There are two reasons, 1) Congress hasn't done anything permanently to address the core abuse and 2) any law they pass, can be un-passed. It is not that Congress has never used authority given to them in Article 1, Section 4, they have. The use of this authority is why the Presidential election falls on the same day in every state, why each state has exactly the same number of election districts as they have representatives, and why only one representative can be elected from each district. One "Passed/Un-Passed" law was the requirement for states to that districts be composed of contiguous territory, be "compact," and have equal populations within each State. Congress then let this law lapse. The only part in operation today is the equal population clause due to a Supreme Court ruling involving equal protection.


Amendents Normally Begin in Congress; however, Is There a Way for the People to get an Amendment Introduced?

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THERE ARE TWO WAYS for a Constitutional Amendment to become a reality, and neither of them have anything to do with the President. They are through a joint resolution of Congress and by the call for a Constitutional Convention by 2/3 of State legislatures. The latter course has never been tried since the original Convention, but the former method has been invoked more than 27 times leading to the current set of 27 Amendments currently on the books.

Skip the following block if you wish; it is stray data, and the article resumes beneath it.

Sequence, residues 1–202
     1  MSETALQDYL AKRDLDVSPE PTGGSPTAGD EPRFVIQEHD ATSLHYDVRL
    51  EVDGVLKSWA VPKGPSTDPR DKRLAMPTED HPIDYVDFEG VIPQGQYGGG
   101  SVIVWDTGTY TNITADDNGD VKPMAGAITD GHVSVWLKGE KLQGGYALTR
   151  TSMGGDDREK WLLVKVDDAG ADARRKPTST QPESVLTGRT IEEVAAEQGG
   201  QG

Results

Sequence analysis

Notice that the People, as a direct motive force, are left out of the process, as is properly the case in a republican form of government. Why is this so? Because the People express their wishes and desires through the representatives they elect to both state and federal governments; if the People want a Constitutional Amendment to happen, they must elect representatives who support that idea. Consequently, the answer to poll is that "No, there is no direct way to make this happen".